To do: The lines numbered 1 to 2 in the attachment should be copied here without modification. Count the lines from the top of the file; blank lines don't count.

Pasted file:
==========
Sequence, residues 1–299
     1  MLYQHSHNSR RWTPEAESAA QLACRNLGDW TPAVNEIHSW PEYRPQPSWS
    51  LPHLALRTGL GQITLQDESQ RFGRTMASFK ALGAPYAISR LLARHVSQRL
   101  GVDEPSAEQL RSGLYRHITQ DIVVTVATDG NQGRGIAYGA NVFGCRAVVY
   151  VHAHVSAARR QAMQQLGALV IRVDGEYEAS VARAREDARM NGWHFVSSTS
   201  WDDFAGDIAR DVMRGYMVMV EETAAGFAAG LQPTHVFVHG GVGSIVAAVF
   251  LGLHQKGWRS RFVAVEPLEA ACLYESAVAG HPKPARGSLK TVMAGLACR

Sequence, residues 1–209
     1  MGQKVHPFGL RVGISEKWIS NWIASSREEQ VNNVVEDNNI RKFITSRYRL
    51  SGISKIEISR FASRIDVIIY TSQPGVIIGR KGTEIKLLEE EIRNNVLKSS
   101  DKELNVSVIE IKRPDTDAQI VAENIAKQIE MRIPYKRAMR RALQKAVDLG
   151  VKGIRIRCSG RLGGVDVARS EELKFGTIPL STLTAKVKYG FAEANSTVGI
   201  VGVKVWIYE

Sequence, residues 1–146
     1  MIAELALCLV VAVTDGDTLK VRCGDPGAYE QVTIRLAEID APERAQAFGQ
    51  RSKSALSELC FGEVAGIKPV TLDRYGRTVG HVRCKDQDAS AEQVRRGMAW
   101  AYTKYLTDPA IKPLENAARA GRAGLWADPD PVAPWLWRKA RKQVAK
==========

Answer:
Sequence, residues 1–299
     1  MLYQHSHNSR RWTPEAESAA QLACRNLGDW TPAVNEIHSW PEYRPQPSWS